OBG talks to Serge Toulekima, Managing Director, Gabon Oil Company (GOC)

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Serge Toulekima, Managing Director, Gabon Oil Company (GOC)

Interview: Serge Toulekima

What has been the government’s role and objectives in establishing the GOC?

SERGE TOULEKIMA: GOC is a state oil company, with the Gabonese government as the sole shareholder. The company was created in August 2011 by presidential decree. The company was set up for the exploration and production of hydrocarbons, to market oil and to play an active role in downstream activities as well. We will also be looking at creating partnerships to enter into the transport and distribution of petroleum products. GOC will be managing the state’s ownership in all the oil-producing fields, and it will acquire its own stake in assets that it deems in line with the company’s growth strategy.

How does GOC plan to acquire more exploration blocks and producing assets?

TOULEKIMA: We are in the process of finalising important negotiations with the Ministry of Petroleum to acquire a number of exploration blocks in conventional zones. We are actively talking to other operators for farm-in opportunities. We are also looking at blocks that are being relinquished by other operators. In terms of production, our strategy is to first focus on marginal fields in conventional areas. This will allow us to develop our operational capabilities in low-complexity areas.

Deepwater zones, especially the sub-salt area, which has not yet been extensively explored, are on our radar as well. However, development costs in these areas are generally very high. As a start-up, we have to focus on goals that are easily reachable and that match our financial muscle.

What kinds of partnerships does GOC envision?

TOULEKIMA: We will pursue the classic partnerships that are found in most production sharing contracts through farm-in. As I said earlier, we are in the process of finalising a few contracts, and we will be looking for partners that want to join us. We are also creating a number of subsidiaries in partnership with other companies. The transport of petroleum products and oil marketing are two examples.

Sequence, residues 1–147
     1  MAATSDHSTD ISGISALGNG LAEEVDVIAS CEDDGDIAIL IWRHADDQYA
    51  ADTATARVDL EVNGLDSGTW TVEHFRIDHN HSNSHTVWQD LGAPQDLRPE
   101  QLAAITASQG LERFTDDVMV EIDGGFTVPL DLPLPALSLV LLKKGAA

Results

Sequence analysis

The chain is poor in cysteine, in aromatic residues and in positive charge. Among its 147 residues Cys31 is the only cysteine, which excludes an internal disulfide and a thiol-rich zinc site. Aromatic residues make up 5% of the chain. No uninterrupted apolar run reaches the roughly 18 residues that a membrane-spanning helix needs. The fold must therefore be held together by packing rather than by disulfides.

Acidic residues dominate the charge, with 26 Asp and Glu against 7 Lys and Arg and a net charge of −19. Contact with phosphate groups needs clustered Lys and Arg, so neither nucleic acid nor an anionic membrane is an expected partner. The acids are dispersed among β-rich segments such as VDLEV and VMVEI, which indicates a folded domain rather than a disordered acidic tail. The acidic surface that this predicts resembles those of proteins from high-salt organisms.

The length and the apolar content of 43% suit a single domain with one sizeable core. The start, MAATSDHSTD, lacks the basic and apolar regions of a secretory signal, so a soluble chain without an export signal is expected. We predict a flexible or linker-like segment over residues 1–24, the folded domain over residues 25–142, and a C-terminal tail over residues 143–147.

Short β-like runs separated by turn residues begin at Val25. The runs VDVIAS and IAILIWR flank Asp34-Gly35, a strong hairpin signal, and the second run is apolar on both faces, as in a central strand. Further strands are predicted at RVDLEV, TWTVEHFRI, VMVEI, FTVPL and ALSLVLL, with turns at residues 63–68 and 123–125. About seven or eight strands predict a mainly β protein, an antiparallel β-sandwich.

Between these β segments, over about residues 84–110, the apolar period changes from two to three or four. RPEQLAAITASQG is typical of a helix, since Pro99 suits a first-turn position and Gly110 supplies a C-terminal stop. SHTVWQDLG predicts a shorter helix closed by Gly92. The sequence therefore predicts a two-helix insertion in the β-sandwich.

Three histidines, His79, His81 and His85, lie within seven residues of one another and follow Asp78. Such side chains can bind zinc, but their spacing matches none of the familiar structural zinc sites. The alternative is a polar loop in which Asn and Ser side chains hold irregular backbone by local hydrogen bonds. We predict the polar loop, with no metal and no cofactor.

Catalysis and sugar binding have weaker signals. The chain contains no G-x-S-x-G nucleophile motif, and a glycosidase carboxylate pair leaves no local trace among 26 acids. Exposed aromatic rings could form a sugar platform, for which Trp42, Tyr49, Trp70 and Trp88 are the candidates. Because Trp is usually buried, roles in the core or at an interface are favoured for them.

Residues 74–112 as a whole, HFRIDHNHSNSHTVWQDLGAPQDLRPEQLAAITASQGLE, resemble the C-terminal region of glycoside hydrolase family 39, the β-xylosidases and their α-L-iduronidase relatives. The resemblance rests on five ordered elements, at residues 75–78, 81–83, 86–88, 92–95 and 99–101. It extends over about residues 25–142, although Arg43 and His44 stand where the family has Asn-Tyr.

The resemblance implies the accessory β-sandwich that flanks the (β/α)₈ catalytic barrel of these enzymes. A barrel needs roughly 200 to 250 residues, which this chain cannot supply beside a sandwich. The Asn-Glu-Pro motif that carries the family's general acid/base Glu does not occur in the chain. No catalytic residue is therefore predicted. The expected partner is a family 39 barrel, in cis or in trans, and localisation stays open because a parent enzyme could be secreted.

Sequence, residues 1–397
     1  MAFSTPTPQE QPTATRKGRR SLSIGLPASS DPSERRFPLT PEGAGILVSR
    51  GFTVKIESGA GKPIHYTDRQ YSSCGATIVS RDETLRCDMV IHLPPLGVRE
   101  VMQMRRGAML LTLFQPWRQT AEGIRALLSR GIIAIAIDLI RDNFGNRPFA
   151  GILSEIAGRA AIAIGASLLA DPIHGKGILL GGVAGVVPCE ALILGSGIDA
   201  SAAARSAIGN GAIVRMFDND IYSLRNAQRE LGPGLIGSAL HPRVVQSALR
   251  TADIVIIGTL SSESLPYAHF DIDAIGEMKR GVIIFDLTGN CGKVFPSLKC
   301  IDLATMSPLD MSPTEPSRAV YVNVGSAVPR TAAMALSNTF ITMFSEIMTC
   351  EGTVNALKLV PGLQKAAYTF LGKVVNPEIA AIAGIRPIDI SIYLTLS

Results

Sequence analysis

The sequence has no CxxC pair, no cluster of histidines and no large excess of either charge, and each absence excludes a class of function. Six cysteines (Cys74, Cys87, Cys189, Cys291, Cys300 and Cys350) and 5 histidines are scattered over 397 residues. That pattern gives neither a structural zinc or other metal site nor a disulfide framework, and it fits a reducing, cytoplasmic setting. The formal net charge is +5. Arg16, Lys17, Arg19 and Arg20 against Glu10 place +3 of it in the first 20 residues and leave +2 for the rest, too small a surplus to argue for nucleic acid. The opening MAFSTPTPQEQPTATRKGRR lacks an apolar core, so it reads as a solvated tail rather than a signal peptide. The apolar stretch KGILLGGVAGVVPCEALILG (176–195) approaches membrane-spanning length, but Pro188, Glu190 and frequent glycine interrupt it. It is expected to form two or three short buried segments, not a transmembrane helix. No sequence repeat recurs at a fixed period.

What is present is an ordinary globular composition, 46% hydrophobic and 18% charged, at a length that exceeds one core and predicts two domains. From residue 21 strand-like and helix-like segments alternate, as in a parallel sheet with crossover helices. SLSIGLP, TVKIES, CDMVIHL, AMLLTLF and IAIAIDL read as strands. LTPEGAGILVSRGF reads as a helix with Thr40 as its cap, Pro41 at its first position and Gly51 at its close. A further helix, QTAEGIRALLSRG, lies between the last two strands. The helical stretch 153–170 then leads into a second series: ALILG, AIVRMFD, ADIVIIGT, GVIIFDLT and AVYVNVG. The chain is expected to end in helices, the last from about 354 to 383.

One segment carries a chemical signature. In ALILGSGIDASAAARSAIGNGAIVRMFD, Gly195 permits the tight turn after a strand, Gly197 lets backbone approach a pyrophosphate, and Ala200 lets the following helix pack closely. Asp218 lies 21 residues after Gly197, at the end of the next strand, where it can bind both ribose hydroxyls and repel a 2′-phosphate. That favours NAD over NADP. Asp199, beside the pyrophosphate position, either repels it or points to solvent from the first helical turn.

How can the decline in oil production be slowed and additional investment encouraged?

TOULEKIMA: First, it is important to maximise the production of existing assets, through the application of new technologies, or by looking at methods of improving recoveries. Most oil reservoirs in Gabon have high permeability and strong aquifer support, which generally favours high recovery factors. My challenge to every operator in Gabon is to deliver at least a 50% recovery factor on existing assets. Second, we have to do our best to make sure that every marginal field is brought on-stream. Third, we need to keep exploring. You do not find oil by studying things to death. You need to drill wells to find oil. There will be failures in some of the exploration wells, but a couple of dry holes should not defeat our resolve to explore. Note that the sub-salt areas can be a game changer. Just look at what is happening in Brazil. Finally, the state must play an active role by ensuring that fiscal terms are designed such that investments in producing fields and exploration are always rewarded. In summary, I will say three things: let’s make the most of what we have, let’s keep exploring and let’s have incentives for investments.

How will GOC’s entrance into Gabon’s oil market affect companies already operating here?

TOULEKIMA: Existing operators should not view GOC as a threat, as the government is not planning to nationalise the oil and gas industry; the state just wants to make sure that Gabon’s oil revenues are maximised. Actually, the creation of the company is good news for these operators, as they stand to gain from partnering with us. I cannot see a better scenario than approaching the government with a partner in which the state is the majority shareholder.

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Cover of The Report Gabon 2012

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